Based on that info, I’ve been leaning towards a refurbished 27” iMac, though waiting for as long as I can in hopes of a stealth speed bump / processor refresh, which seems unlikely but not impossible. But if I (or, for that matter, you) can get an 8gb mini and then load it up with memory, that changes everything.

The 27” iMac makes it really easy to upgrade the memory, as I understand — almost as easy as some of the older laptops where you just had to pop up the keyboard. Is it that the mini doesn’t necessarily make it easy for you to get into the guts of the machine, but they’re expecting power users / iFixit to figure out how to do so and so they have the memory in standard slots for their benefit?
posted by sesquipedalia at 8:10 PM on November 2, 2018


The 27" memory upgrade is trivial -- totally a user-done operation. But opening both iMacs (21.5 or 27) is not that hard. Especially if you have one of the "pizza-cutter" tools that come with the OWC memory upgrade kit.

I've opened my 27" a couple of times to install SSDs (1TB doesn't go as far as it seems like it will at first!) and my 21.5" once (SSD and memory) although I had swap out a first set of bad RAM in the 21.5 (you have to mostly disassemble the machine to get to the memory, even if you haven't re-adhered the screen).

A couple of pro-tips if you get a 21.5":

* Remove the screws across the ledge at the bottom of the screen and take out the rubber bumper underneath. You can wiggle the power supply out even if you don't, but it's much easier if the bumper is out of the way.

* When you re-assemble the machine, don't stick the screen back in place immediately. Instead, use some masking or duct tape to hold it in place, and use the machine for a few days to make sure everything's stable. Otherwise, you'll have to buy a new set of adhesive tape after you open, fix and re-assemble.

Incidentally, both of my iMacs were refurbished models. If you buy from Apple, they're really clean; I didn't see any evidence of use on either. (Perhaps they provide brand-new keyboards & mice?) You save a couple hundred bucks on refurbs, which is about enough to upgrade the RAM. And if you're in there anyway, you might as well put in a big SSD. Both upgrades are way cheaper to DIY than to have Apple ship it to you that way.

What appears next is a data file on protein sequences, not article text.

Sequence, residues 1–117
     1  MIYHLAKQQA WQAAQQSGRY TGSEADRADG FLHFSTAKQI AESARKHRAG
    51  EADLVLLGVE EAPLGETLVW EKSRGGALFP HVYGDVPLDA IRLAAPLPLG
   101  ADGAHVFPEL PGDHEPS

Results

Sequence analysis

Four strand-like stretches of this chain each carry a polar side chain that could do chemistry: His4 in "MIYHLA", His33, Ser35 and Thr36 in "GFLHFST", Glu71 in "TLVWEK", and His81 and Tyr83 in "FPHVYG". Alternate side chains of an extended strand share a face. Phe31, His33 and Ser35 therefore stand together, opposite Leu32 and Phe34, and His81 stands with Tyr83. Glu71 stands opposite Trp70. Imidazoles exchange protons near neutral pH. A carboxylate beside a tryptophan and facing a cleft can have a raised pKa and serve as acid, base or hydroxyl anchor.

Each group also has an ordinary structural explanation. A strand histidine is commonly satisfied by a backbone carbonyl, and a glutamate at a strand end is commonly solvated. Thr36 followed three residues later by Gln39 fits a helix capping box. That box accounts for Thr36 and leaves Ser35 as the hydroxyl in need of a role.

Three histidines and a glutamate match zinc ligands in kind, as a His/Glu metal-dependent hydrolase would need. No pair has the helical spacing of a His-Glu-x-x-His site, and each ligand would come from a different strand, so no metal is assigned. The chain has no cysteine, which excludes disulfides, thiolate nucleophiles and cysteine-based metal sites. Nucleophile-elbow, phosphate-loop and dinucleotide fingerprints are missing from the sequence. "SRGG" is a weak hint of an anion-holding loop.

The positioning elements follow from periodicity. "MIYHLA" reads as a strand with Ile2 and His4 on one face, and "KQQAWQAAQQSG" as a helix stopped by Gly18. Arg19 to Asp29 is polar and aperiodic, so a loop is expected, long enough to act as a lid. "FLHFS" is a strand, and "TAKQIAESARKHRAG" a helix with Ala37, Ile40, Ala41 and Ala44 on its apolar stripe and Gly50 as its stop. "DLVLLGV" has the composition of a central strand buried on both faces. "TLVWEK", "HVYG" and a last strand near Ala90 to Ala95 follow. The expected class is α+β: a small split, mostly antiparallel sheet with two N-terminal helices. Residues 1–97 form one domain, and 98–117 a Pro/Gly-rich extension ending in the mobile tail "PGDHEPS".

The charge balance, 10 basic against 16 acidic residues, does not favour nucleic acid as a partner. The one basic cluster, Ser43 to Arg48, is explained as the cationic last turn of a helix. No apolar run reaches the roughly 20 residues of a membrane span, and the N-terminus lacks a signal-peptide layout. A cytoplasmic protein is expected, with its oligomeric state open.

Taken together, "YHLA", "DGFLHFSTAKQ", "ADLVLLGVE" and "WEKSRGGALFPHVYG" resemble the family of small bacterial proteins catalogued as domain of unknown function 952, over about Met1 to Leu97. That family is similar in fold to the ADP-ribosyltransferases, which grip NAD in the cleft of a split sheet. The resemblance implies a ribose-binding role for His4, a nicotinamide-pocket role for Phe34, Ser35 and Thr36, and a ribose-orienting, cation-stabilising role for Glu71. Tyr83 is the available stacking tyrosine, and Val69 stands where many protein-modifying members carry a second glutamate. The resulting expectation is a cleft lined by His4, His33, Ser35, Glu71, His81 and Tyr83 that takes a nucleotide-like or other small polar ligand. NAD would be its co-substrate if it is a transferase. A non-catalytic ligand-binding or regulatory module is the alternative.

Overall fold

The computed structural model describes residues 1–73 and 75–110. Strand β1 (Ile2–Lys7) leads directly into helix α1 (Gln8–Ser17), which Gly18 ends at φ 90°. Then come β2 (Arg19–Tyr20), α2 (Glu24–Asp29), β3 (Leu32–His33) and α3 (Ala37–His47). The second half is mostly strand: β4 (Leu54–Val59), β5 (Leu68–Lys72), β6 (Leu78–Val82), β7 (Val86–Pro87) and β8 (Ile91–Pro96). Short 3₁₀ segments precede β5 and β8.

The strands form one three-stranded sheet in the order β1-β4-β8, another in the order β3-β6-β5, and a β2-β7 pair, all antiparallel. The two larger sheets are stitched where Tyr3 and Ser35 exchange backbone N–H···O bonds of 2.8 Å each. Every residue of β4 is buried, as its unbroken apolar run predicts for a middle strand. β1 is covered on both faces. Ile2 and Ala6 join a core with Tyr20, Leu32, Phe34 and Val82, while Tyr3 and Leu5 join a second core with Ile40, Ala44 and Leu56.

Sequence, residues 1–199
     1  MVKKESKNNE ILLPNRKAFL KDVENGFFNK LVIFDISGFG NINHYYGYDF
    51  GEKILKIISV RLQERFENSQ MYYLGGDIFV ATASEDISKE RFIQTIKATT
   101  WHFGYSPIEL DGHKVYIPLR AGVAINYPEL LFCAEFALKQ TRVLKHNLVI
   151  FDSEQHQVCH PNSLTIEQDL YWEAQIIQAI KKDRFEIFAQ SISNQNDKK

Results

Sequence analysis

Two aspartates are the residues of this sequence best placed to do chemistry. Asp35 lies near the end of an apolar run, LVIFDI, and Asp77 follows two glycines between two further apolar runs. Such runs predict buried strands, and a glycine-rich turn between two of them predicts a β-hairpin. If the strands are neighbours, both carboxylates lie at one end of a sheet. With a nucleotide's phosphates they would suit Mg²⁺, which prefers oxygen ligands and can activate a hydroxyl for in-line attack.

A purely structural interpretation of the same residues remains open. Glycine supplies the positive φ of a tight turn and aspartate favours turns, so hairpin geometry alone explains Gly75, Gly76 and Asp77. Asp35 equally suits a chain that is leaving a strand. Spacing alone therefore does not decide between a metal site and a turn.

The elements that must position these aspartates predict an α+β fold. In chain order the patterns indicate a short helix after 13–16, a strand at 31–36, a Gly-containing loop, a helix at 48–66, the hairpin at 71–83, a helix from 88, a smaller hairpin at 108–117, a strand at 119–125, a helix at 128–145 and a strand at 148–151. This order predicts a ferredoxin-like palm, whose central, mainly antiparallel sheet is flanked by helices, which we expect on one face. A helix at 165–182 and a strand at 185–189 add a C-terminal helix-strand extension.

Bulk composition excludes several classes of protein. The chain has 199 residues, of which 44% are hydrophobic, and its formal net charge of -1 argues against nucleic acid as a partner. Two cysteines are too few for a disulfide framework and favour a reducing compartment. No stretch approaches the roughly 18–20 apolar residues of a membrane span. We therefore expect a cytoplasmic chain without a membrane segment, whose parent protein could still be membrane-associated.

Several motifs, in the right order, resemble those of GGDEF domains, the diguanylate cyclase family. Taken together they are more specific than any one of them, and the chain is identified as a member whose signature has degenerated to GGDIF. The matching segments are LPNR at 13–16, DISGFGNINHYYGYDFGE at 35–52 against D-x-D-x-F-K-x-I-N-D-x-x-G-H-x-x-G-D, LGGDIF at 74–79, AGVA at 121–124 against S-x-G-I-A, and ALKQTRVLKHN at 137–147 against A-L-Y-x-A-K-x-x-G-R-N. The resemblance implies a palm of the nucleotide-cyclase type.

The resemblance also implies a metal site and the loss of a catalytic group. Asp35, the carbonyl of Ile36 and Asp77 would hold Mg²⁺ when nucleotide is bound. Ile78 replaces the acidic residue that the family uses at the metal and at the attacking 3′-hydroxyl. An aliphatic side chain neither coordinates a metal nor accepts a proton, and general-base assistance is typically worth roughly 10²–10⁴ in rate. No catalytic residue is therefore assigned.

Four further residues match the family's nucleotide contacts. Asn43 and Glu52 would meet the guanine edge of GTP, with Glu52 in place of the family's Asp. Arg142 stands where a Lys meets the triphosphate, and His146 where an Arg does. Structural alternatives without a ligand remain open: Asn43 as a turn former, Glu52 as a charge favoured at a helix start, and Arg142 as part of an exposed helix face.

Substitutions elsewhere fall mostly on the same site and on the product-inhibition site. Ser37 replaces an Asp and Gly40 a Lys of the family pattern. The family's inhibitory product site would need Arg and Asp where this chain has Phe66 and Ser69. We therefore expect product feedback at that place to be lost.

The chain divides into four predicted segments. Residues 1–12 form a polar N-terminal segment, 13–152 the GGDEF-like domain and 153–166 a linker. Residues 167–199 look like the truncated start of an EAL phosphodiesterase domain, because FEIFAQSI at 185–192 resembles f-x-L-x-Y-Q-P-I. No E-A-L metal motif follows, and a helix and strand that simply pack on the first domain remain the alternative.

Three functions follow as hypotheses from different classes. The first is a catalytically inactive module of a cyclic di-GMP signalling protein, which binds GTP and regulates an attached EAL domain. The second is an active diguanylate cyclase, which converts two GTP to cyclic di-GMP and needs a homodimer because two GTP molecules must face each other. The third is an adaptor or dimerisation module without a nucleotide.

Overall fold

posted by spacewrench at 9:30 PM on November 2, 2018


nathan_teske (or anyone else) — on what authority do you have it that the new mini has user-upgradeable memory? I don’t recall anyone actually coming out and saying that during the presentation, though it did seem like they wanted to give that impression. Since I didn’t see it spelled out in the specs, I did a chat with an Apple salesperson/bot and asked the question directly; the answer I got was a solid NO.

They're wrong. The old Mac Mini had soldered RAM. The new Mac Mini pages say, explicitly: "Memory8GB
of 2666MHz DDR4 SO-DIMM memory"

SO-DIMM modules are the ones used in laptop and are user replaceable. I watched the whole keynote, they also explicitly called it out and highlighted it on one slide.

Or you could read this article from 3 days ago: 2018 Mac mini has User Upgradable RAM which convienetly has a screenshot of that slide from the keynote.

it's upgradable.
posted by GuyZero at 11:36 PM on November 2, 2018 [2 favorites]


SO-DIMM modules are the ones used in laptop...

Yes.

and are user replaceable.

Not so fast. Just because it is a part that is not soldered onto the motherboard doesn't mean that an end user will be able to replace it. The only confirmation I've seen one way or the other is ZDNet quoting an anonymous Apple spokesperson, who said:
Yes, Mac mini is configurable up to 64GB and uses industry-standard DDR4 SO-DIMMs. While we don't consider the memory directly end-user accessible, service providers can access the internals of the Mac mini to upgrade the memory.
For the record, I'd be pleasantly surprised to find out that all one needs to do is remove the bottom, which the Mac Observer article states as fact, since I preordered one with minimum RAM on the theory that I'd be able to replace it later. But that was how you did it on 2010-2012 models, and Apple has a support article with detailed instructions, indicating they consider that to be end-user replaceable. Their quote about the 2018 model does not jive with that.

2018 Mac mini has User Upgradable RAM which convienetly has a screenshot of that slide from the keynote.

Can you highlight where on that slide it says "upgradeable" at all, much less user upgradeable? A better slide would be the one that says SO-DIMM, though still not "user-upgradeable".

And there are screw holes around the ring on the mini in that picture, which looks identical to the opened bottom of the 2014 model. On the 2014 model, to get to that point, you had to pry the bottom off and then remove three TR6 Torx Security screws.

By contrast, the bottom on the 2010-2012 minis simply twisted off, essentially, and as noted earlier, Apple considers those models to have user-accessible RAM.

Hopefully once you get the thing open, it's not a process as involved as adding a second drive to the late 2012 mini, but that's possible, too.

It's also worth noting that since Apple doesn't consider RAM to be user-accessible on the 2018 model, it most likely voids your warranty and AppleCare to do so as a user.